Application of the Aquifer Impact Model to support decisions at a CO2 sequestration site

Diana Holford Bacon, Randall A. Locke, Elizabeth Keating, Susan Carroll, Abbas Iranmanesh, Kayyum Mansoor, Bracken Wimmer, Liange Zheng, Hongbo Shao, Sallie E. Greenberg

Research output: Contribution to journalArticlepeer-review


The National Risk Assessment Partnership (NRAP) has developed a suite of tools to assess and manage risk at CO2 sequestration sites. The NRAP tool suite includes the Aquifer Impact Model (AIM), which evaluates the potential for groundwater impacts from leaks of CO2 and brine through abandoned wellbores. There are two aquifer reduced-order models (ROMs) included with the AIM tool, a confined alluvium aquifer, and an unconfined carbonate aquifer. The models accept aquifer parameters as a range of variable inputs so they may have broad applicability. The generic aquifer models may be used at the early stages of site selection, when site-specific data is not available. Guidelines have been developed for determining when the generic ROMs might be applicable to a new site. This paper considers the application of the AIM to predicting the impact of CO2 or brine leakage were it to occur at the Illinois Basin Decatur Project (IBDP). Results of the model sensitivity analysis can help guide characterization efforts; the hydraulic parameters and leakage source term magnitude are more sensitive than clay fraction or cation exchange capacity. Sand permeability was the only hydraulic parameter measured at the IBDP site. More information on the other hydraulic parameters could reduce uncertainty in risk estimates. Some non-adjustable parameters are significantly different for the ROM than for the observations at the IBDP site. The generic ROMs could be made more useful to a wider range of sites if the initial conditions and no-impact threshold values were adjustable parameters.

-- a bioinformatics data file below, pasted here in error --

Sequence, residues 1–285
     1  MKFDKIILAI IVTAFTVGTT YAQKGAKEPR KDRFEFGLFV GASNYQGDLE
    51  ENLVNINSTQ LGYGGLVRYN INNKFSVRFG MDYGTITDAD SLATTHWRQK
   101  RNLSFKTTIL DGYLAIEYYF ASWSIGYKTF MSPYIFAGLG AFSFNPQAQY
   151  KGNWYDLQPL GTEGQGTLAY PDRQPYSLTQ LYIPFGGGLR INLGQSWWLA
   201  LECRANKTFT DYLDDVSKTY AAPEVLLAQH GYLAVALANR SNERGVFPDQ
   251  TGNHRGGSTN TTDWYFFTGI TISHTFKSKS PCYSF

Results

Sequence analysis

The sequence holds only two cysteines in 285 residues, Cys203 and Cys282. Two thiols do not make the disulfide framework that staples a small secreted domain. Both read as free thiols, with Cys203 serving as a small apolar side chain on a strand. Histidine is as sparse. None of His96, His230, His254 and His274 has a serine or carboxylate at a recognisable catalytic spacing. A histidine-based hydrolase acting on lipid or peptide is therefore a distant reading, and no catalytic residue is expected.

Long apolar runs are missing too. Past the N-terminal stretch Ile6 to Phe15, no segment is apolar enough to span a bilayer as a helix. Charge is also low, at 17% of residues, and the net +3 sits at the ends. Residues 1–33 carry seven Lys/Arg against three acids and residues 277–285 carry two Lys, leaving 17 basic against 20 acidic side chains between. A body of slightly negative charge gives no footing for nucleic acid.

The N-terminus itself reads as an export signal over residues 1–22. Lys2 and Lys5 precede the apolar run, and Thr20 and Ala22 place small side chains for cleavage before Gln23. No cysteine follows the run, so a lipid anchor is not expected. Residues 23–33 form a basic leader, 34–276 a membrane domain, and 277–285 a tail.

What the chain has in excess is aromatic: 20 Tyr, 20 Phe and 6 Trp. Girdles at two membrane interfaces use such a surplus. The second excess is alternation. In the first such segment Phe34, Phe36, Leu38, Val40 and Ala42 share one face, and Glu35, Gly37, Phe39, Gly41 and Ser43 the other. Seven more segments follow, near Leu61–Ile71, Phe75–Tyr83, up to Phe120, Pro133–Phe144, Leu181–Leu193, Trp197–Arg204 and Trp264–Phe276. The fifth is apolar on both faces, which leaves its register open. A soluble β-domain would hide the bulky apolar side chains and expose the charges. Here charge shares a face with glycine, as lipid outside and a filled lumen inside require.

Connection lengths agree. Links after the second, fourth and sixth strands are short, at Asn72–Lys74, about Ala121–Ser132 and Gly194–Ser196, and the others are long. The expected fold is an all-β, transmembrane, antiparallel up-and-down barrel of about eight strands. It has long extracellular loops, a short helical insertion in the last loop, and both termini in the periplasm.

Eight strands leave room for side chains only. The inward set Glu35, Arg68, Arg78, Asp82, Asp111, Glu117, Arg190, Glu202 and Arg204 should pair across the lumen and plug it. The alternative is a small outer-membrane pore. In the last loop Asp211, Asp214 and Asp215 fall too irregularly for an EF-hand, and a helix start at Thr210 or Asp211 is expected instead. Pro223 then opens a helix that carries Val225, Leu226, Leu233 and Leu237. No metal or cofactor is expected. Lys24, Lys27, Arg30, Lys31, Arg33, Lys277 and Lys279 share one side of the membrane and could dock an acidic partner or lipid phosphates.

Original languageEnglish (US)
Pages (from-to)1020-1034
Number of pages15
JournalGreenhouse Gases: Science and Technology
Issue number6
StatePublished - Dec 2017


  • brine
  • carbon dioxide
  • carbon sequestration
  • groundwater
  • leakage
  • risk analysis

ASJC Scopus subject areas

  • Environmental Engineering
  • Environmental Chemistry


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